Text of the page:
“There’s a lot to get to grips with. Those who haven’t prepared for the changes must move quickly to ensure their house is in order and they don’t fall foul of the new regulations.”


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Comments

Lee Bowen

11:17 AM, 1st December 2022, About 2 months ago

And the new contract looks like it was written by a 4-year-old.
Loads of omissions, which means the landlord has to add to it and risk the wrath of the legislation for putting a comma in the wrong place.
After 23 years of hard graft, recent experience of this socialist nonsense, tax changes and Shelter making money out of the system (they lost but I'm the only one out of pocket while they profit from legal aid) I'm getting out. Will continue to look after good tenants until they move out then sell up.

Tessa Shepperson

11:17 AM, 1st December 2022, About 2 months ago

I agree that it is more burdensome on landlords in some circumstances (i.e. if you have unsatisfactory tenants/contract holders). However, it is not all bad.

For example, there is now an abandonment procedure (something that landlords have wanted for a long time), plus contract holders no longer have the right to refer rent increases under the notice procedure to the First Tier Tribunal.

Welsh Landlords are referred to this article https://landlordlaw.co.uk/new-welsh-laws-come-into-force-today-how-landlord-law-can-help/

Happy Landlord

12:01 PM, 1st December 2022, About 2 months ago

I have a number of properties in England - I live in Wales and would not touch any B2L property in Wales with a barge pole - The first minister and his hench men, sorry people, are a total nightmare - just wait until Labour inherit Westminster, you can say good bye to the PRS. We, mostly, try to look after our tenants but the fifth column is coming through good and strong in the form of our politicians (of all parties) who are intent on seeing the sector destroyed. I am really concerned about the future of the majority of tenants - there are no council houses and the PRS is being destroyed, can no one see this - a good mix of property and methods of living are essential for a healthy economy - flats, houses, bungalows, HMO's, leasehold, freehold, rented etc etc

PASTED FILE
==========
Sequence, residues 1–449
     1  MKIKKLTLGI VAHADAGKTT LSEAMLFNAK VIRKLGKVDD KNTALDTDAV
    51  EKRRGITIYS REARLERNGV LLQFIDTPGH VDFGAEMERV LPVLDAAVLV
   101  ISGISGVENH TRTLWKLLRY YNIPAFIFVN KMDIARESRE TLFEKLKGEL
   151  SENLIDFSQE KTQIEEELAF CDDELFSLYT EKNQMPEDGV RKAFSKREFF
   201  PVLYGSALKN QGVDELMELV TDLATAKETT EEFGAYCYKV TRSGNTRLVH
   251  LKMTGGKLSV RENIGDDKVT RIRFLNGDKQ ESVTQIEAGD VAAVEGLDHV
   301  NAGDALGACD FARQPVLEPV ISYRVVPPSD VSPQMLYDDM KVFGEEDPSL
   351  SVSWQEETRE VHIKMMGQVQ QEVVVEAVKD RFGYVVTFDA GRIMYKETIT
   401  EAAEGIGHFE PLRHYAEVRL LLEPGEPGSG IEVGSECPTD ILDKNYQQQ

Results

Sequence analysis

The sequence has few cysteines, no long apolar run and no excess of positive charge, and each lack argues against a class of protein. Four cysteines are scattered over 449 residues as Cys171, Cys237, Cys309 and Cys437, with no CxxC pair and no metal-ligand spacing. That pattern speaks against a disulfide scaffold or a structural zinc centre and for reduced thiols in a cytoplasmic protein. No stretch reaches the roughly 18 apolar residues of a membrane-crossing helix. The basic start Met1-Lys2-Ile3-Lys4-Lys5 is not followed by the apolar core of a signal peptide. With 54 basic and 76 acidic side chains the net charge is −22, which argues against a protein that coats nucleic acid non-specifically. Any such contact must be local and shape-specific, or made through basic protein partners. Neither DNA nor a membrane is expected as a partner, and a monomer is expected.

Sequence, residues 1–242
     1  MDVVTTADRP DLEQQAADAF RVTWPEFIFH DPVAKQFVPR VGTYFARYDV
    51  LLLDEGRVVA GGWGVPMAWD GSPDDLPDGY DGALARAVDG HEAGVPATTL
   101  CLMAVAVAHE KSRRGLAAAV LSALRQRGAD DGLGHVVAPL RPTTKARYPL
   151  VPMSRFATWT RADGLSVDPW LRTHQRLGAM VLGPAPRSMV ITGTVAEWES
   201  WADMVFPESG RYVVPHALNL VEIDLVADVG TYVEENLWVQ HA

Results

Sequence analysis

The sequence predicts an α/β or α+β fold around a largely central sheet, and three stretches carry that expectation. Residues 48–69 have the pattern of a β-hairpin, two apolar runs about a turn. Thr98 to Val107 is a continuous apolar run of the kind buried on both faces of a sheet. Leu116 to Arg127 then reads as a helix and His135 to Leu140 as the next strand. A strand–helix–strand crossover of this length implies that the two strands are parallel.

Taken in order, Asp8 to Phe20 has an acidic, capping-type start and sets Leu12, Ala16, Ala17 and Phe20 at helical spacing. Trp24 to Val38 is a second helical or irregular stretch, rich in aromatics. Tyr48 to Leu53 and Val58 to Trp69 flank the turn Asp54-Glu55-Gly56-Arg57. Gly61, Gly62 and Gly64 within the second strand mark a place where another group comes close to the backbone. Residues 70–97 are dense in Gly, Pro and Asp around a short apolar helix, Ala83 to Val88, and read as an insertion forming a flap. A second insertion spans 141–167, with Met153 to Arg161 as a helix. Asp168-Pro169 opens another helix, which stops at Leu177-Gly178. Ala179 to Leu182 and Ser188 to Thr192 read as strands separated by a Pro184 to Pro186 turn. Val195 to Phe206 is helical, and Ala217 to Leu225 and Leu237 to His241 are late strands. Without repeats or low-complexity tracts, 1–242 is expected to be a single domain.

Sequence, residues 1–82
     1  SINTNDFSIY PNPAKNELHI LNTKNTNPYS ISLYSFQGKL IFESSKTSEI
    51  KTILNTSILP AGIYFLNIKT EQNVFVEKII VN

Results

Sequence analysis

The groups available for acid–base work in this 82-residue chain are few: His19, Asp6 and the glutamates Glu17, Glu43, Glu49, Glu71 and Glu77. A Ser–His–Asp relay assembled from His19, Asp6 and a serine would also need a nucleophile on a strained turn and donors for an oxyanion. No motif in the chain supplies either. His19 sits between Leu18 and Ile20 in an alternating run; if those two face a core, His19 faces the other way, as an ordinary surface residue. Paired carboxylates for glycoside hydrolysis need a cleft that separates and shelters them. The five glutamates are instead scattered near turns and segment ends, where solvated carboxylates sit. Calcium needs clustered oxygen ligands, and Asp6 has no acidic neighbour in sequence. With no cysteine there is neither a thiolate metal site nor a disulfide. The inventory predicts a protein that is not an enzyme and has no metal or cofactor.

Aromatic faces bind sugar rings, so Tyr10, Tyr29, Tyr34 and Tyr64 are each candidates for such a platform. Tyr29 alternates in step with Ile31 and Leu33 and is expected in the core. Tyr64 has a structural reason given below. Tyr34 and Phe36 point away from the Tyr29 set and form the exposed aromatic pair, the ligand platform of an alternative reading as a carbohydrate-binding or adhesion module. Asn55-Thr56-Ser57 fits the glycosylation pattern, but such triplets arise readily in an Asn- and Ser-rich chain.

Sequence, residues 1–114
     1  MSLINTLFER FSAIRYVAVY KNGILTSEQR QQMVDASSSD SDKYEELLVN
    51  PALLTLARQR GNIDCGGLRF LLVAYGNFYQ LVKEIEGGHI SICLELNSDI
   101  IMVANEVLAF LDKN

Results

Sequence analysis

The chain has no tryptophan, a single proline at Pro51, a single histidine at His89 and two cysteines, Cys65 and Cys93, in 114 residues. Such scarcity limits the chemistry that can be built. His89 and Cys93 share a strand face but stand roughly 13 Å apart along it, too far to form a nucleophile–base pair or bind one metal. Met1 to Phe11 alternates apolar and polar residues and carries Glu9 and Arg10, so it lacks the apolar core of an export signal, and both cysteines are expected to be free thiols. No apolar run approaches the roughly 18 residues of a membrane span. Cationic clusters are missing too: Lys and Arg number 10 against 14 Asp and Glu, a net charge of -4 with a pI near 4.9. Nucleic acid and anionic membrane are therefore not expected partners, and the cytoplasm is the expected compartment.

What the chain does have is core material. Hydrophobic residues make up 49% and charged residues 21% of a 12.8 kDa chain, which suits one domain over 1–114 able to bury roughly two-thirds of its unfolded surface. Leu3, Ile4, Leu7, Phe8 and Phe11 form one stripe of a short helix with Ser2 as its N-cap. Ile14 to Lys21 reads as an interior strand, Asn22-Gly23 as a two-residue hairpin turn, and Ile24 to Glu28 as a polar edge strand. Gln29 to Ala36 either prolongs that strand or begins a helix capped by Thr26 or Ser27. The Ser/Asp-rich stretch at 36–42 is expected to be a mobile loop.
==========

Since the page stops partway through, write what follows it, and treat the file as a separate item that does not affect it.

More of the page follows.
OrangeGrouse

15:52 PM, 1st December 2022, About 2 months ago

Reply to the comment left by Lee Bowen at 01/12/2022 - 11:17
I’m with you on that. 21 years in the business. Plenty of assets, but now very little profit and a lot of stress. There must be a better way.

Chris Bradley

19:23 PM, 1st December 2022, About 2 months ago

My cousin is an elderly council tenant and when he received a letter stating he would no longer be called a tenant and would need an occupation contract, he phoned me in tears asking if he was going to be evicted as he no longer had an "occupation" as he was retired.
The change in terminology makes no sense.
The succession on joint tenancy makes no sense as often couples cannot afford properties on one salary so if a couple becomes a single on sucessionhow will they afford the rent, they will end up in arrears. It will make landlord reluctant to rent to a couple on a low or single wage.
New smoke alarms rules make sense as does abandonment.
The model contract is so difficult to understand, it is unordered and confusing

Lorraine Kirkman

0:26 AM, 2nd December 2022, About 2 months ago